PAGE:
What Does Drafting Dobbins Mean for Edwards?
J.K Dobbins is an excellent pick for the Baltimore Ravens, but what does that mean for the current stable of running backs? Is this a sign that Mark Ingram II and Gus Edwards are in danger?
I believe the “WOO! WOO!” mantra starter and MVP hypeman Ingram is safe for at least a year. The player that I think won’t make it to the regular season is my guy Gus Edwards. The former Rutgers Star was an exclusive rights free agent this offseason and signed a $660K 1-year deal with the Ravens. The team is the only one to benefit here because they get a top-tier production back for the low.
This third-year player racked up 711-yards and 2-TDs in a backup role. He’ll be a starter somewhere else in the league and will command a bigger contract than the scraps the Ravens are playing them currently. It’s not like the team doesn’t appreciate his contributions. Jeff Zrebiec of the athletic recently wrote:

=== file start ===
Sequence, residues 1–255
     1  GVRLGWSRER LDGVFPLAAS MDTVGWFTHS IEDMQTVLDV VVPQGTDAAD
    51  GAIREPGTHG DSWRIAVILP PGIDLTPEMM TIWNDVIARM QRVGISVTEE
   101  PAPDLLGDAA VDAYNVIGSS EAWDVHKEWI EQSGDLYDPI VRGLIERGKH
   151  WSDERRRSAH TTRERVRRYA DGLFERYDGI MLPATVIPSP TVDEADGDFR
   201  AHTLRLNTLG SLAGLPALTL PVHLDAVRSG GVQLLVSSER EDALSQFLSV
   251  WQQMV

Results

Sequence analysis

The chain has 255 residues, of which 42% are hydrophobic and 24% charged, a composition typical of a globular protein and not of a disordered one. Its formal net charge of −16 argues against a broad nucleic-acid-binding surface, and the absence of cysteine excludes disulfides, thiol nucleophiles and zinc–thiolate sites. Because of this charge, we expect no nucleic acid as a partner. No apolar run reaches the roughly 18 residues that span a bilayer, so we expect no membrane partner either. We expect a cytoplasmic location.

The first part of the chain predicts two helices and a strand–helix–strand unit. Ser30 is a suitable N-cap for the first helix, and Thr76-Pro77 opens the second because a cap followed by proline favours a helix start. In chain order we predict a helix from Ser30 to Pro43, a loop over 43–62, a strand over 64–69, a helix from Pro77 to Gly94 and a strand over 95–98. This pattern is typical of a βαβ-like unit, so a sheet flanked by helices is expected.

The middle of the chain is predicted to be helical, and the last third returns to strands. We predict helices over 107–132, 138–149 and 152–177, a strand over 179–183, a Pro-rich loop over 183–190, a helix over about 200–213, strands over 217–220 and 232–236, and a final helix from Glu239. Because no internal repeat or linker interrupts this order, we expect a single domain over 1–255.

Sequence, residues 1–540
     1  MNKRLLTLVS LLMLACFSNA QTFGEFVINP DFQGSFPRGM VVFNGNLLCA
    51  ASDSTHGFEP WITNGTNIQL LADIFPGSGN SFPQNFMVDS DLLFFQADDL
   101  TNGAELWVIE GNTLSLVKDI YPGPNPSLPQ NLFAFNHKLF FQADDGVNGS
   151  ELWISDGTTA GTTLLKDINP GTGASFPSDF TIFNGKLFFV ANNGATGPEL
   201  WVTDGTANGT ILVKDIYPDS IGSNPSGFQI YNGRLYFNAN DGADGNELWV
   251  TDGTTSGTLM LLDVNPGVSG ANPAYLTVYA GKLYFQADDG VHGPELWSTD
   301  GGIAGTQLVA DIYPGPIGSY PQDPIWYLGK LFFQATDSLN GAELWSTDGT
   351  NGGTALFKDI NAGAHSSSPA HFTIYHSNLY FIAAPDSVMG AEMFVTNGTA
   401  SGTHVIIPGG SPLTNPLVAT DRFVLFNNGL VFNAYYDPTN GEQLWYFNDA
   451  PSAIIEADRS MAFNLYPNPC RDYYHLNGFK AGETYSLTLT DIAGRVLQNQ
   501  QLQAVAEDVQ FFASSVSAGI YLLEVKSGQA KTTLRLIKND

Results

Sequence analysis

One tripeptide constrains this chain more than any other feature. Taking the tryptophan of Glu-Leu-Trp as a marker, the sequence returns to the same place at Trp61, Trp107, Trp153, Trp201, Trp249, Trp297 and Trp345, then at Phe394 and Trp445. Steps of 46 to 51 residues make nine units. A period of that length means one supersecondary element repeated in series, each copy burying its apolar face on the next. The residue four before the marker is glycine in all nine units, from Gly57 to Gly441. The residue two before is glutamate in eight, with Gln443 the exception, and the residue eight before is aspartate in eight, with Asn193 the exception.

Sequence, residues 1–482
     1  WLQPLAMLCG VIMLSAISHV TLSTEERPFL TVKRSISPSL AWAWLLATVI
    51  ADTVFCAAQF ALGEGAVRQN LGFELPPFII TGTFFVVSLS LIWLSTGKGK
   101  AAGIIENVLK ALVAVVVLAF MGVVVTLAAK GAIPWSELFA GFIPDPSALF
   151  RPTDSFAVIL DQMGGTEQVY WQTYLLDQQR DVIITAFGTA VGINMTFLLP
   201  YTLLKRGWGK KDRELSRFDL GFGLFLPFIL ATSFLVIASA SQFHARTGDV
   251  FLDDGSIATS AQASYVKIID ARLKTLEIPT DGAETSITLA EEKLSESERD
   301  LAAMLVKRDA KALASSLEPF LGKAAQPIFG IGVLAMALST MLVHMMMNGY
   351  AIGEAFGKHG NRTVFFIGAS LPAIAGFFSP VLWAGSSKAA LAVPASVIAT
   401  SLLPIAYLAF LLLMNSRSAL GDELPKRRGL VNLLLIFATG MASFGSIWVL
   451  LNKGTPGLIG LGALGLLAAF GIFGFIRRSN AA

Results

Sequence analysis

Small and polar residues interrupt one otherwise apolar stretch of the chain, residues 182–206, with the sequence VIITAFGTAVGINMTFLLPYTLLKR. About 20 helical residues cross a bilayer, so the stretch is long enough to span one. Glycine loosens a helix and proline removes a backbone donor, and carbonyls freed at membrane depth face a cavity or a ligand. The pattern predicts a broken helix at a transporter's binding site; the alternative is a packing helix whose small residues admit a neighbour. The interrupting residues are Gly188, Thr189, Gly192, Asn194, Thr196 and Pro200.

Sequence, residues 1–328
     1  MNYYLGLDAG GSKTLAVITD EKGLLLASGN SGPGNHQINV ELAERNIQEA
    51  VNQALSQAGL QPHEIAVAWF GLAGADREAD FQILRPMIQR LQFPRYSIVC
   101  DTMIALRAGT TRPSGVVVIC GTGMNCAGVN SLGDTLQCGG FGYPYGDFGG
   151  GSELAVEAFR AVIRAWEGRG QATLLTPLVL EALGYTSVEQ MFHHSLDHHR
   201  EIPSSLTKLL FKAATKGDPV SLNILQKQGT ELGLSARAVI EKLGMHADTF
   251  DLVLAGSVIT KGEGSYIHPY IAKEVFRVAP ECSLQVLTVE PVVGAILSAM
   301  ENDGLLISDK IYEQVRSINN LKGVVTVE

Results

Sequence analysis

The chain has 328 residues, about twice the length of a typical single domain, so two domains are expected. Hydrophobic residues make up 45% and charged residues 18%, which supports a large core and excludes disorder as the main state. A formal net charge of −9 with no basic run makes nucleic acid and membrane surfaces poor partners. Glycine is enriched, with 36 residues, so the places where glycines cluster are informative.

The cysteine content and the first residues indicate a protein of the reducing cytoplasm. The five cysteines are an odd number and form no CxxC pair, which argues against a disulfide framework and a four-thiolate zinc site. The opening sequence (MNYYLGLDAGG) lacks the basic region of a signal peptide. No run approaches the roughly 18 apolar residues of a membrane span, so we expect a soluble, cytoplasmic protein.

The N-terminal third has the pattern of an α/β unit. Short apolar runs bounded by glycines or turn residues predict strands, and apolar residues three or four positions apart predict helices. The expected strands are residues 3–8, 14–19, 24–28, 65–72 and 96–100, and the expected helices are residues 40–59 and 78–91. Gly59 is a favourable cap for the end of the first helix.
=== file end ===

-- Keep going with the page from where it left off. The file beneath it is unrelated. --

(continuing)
“Edwards is the no-nonsense type of personality that the Ravens love, and he’s flashed lead back type of reliability.”
While the team loves Edward’s personality and skill-set, this is a business, and outside of the 2017 and 2018, rarely have the Ravens brought 4 RBs into the regular season. Patrick Ricard is a FB. Don’t @ me! The spot can be used elsewhere.
Am I saying that Dobbins will be able to duplicate the production of Edwards? Maybe. I don’t have to. Eric DeCosta‘s move to draft Dobbins makes that the possibility. I would love to have this stable of running backs stay the same, but Baltimore can keep offering extensions to secondary role-players to long term deals and expect to sign Lamar Jackson to an extension in two years.
It sucks. It really does, but I expect Edwards to be showcased in the preseason (if there is one) and traded to a team that desperately needs a ground game.